Even with transportation and financial considerations taken into account, recycling rated best, burning worst, and on-farm landfills somewhere in between.

Most New Zealand manufacturers and distributors of agrichemical, animal health and dairy hygiene products in plastic containers and drums have got behind the Agrecovery programme which offers a simple solution to the traditional practices of burning and burial.

These companies recognise that the safe sustainable solutions offered by Agrecovery are available and necessary, so financially support these programmes to make them either free, or as affordable as possible, for farmers and growers.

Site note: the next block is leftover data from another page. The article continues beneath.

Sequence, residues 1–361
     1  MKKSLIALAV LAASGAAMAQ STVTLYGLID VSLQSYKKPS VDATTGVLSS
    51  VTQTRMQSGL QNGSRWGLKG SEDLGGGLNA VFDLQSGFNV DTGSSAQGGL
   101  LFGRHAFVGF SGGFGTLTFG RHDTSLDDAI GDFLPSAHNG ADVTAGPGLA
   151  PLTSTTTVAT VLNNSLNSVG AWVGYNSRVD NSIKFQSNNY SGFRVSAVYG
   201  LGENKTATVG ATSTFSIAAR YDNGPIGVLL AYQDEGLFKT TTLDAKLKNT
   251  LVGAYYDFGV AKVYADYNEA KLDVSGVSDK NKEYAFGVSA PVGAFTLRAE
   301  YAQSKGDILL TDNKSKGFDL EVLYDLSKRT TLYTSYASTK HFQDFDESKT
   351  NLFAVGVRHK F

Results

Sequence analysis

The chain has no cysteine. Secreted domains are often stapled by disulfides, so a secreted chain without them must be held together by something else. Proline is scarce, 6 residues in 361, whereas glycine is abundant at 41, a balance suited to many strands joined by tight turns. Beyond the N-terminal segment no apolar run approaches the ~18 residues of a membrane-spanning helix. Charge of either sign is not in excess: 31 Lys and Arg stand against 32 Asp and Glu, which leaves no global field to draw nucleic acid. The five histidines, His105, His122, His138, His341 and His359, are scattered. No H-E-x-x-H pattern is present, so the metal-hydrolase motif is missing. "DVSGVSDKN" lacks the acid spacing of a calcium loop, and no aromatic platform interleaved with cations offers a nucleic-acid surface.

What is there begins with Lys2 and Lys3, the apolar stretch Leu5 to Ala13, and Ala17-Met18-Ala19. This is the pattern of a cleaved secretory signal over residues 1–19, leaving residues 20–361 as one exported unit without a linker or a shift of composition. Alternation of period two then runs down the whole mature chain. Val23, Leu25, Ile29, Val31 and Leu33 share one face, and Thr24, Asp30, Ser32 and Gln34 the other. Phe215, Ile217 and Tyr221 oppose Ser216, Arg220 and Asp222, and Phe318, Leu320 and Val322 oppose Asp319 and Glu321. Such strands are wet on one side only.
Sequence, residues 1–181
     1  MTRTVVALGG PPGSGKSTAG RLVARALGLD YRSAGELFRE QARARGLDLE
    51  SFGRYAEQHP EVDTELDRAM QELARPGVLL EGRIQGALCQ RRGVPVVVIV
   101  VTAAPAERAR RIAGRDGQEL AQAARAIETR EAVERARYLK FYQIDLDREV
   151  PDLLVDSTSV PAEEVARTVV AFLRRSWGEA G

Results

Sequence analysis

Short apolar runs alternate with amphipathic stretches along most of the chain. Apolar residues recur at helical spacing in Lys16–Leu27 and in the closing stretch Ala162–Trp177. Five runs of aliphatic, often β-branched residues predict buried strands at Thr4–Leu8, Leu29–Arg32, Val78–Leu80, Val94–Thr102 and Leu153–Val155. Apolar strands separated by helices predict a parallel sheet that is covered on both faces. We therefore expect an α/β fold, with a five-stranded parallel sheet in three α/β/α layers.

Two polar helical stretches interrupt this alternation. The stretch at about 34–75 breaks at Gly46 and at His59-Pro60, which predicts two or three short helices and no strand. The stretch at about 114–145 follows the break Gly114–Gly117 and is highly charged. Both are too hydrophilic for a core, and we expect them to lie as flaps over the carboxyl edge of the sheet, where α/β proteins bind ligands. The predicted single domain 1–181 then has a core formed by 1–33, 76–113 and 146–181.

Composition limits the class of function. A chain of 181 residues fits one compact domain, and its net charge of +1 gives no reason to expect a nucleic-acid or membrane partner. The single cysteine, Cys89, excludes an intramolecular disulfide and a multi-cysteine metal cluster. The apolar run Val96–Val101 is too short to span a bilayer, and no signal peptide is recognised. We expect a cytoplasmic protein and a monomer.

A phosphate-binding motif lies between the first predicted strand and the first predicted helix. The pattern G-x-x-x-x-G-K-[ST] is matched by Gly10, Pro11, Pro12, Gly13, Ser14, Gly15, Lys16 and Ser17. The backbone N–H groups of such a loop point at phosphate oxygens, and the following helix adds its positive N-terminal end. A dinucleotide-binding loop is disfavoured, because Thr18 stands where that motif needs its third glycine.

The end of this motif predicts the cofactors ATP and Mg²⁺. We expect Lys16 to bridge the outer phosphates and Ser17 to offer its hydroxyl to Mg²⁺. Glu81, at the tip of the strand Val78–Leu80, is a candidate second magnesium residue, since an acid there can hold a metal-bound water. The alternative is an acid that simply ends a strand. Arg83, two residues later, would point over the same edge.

Other service providers offer solutions for feed plastics and various other products.

Where to from here?

If you’re not already participating in a programme like Agrecovery Rural Recycling, our suggestion would be to check out what services are on offer.

Recycling with Agrecovery, a not-for-profit charitable trust, helps reduce both the environmental and health risks of doing things “the way they’ve always been done”, and is another critical step in proving farming’s clean green credentials to both domestic and international markets.

Check out our recycling and recovery programmes to see how you can improve your farm’s environmental footprint.